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Soccer Team Fined After Fans Hurl Homophobic Abuse At Josh Cavallo

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Football Australia announced yesterday that it has sanctioned the Melbourne Victory soccer club with a fine of $5,000 (AUD) for the death threats and racist and homophobic abuse hurled at out soccer star Josh Cavallo by their fans during a recent home game.

Cavallo, 22, plays left back and central midfielder for the Adelaide United soccer team in the country's A-League, the highest level of professional soccer in Australia and New Zealand. He posted to social media about the hateful incident at the time.

“If you want to stay alive, go home g*ps*,” fans allegedly yelled during the game played on January 8, while others in the section used homophobic slurs.

Some fans were removed from the stadium by security following the incident, and the team promised to “ban any individuals identified as having engaged in the conduct” from attending games in person.

“Hate never will win,” Cavallo wrote to his Instagram at the time. “I will never apologize for living my truth and most recently who I am outside of football.”

Cavallo thanked his fans for “all the positive messages, love and support, seeing that far outweighs the negativity.”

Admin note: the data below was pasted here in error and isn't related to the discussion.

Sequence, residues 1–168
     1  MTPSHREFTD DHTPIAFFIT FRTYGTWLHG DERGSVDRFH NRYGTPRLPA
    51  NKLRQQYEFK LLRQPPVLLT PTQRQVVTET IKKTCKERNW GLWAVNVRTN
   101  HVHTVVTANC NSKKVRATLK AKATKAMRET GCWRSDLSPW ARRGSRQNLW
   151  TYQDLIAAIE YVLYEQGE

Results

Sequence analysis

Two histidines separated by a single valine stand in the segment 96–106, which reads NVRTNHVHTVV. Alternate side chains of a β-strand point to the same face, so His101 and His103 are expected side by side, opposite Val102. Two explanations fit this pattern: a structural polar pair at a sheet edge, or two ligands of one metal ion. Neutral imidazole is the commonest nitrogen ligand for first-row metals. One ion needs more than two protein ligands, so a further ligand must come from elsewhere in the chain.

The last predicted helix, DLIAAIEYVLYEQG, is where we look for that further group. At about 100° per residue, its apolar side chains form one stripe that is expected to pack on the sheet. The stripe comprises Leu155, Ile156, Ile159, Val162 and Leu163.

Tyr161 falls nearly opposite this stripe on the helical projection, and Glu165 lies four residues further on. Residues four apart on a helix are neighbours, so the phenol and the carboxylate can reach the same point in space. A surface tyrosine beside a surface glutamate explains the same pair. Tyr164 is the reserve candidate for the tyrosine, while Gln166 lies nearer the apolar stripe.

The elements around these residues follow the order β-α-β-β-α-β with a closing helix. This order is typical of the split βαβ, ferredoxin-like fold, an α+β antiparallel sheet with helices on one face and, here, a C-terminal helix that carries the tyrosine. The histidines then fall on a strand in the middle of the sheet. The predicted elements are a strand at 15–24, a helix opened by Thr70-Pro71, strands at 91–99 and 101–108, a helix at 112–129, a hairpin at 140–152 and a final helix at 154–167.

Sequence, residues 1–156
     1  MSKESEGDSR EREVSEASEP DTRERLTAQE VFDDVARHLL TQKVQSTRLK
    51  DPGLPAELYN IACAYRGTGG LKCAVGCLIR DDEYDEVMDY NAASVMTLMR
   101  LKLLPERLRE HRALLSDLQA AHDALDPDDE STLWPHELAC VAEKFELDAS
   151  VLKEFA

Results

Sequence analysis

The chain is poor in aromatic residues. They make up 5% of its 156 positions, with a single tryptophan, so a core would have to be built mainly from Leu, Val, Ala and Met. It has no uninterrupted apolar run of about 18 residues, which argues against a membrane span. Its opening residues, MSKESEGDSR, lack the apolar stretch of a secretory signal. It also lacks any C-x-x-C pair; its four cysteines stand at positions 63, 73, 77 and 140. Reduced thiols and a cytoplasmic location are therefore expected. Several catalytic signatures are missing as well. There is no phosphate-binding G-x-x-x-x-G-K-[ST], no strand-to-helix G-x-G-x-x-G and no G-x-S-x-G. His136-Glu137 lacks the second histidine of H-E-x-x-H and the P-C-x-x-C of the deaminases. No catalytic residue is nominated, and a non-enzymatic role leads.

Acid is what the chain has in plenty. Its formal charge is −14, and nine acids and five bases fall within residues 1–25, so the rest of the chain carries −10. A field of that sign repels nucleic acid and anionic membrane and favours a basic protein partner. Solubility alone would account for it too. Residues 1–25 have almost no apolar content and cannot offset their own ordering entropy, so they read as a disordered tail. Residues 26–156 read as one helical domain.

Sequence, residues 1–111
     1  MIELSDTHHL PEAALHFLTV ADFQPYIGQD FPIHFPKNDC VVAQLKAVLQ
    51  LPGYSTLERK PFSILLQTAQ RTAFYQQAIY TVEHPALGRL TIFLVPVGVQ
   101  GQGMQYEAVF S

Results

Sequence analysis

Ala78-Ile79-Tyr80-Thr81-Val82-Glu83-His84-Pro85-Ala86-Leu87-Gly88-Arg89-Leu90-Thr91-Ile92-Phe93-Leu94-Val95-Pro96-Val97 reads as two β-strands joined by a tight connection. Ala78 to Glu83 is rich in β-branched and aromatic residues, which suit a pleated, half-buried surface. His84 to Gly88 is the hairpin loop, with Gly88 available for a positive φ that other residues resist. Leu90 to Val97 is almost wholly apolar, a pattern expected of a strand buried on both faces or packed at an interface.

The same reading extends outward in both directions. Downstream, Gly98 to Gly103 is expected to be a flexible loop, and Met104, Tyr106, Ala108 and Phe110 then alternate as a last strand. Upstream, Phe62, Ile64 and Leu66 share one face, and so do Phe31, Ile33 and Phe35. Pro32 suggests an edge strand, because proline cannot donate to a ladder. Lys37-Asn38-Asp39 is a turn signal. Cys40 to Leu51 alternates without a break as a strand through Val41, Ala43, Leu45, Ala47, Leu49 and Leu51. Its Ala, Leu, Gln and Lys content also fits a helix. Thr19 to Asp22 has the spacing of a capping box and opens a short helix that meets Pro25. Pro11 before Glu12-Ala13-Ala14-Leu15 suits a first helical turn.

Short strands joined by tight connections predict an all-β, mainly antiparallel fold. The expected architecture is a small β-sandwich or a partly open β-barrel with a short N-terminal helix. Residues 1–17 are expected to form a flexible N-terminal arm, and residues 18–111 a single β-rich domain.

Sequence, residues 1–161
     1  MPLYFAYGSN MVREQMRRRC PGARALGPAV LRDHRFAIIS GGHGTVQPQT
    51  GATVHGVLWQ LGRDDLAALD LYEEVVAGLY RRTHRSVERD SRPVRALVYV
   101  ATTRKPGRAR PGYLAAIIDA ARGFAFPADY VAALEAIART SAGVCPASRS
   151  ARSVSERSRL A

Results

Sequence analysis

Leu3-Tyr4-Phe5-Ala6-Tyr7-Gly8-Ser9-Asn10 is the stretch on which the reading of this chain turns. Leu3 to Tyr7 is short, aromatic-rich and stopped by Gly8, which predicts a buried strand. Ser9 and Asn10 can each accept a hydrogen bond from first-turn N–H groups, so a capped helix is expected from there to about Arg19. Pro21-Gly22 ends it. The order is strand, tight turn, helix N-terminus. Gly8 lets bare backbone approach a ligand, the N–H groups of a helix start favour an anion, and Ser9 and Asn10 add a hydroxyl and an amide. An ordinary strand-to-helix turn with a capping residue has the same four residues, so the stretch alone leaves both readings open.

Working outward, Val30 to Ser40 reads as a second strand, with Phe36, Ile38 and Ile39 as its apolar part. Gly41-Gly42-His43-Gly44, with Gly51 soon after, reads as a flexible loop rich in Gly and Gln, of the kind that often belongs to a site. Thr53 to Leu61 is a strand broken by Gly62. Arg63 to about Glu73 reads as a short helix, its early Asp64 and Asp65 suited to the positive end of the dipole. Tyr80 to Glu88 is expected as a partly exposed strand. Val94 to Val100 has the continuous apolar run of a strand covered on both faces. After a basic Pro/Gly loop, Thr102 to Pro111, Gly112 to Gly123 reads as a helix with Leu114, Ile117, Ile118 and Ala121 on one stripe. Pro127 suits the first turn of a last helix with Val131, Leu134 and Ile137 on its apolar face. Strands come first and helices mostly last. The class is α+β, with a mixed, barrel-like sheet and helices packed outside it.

Cavallo’s boss, Adelaide’s chief executive Nathan Kosmina, hailed his player’s bravery after the incident but was far less supportive of the hateful fans hurling abuse from the stands.

“It’s an element that needs to be weaned out,” Kosima told the Sydney Morning Herald. “20 or 30 years ago, this is the sort of language that was more common. Now, it’s not acceptable.”

These public sentiments, along with the actions taken by the team, help mitigate the fallout from Football Australia, according to chief executive officer James Johnson.

“We look at all incidents on a case-by-case basis and take into consideration the totality of the situation and behaviors,” Johnson said in a statement. “This is not a situation where the Club has been sitting on its hands.  The Club provided a detailed submission, and it has taken a strong stance against anti-social behavior – both by its actions before and after this incident.”

Cavallo was hailed for his bravery when he publicly came out last October.

“Hi, everyone,” Cavallo said in a video posted to his social media. “It's Josh Cavallo here. I'm at my home here in Adelaide. There's something personal that I need to share with everyone. I'm a footballer and I'm gay.”

Johnson said the firm response from the league and teams should be a warning to other hateful fans.

“We will not let the anti-social actions of a few individuals impact the enjoyment football brings to so many,” he concluded in his statement.

RELATED | Josh Cavallo Says He'd Be Scared For His Life to Play Qatar World Cup

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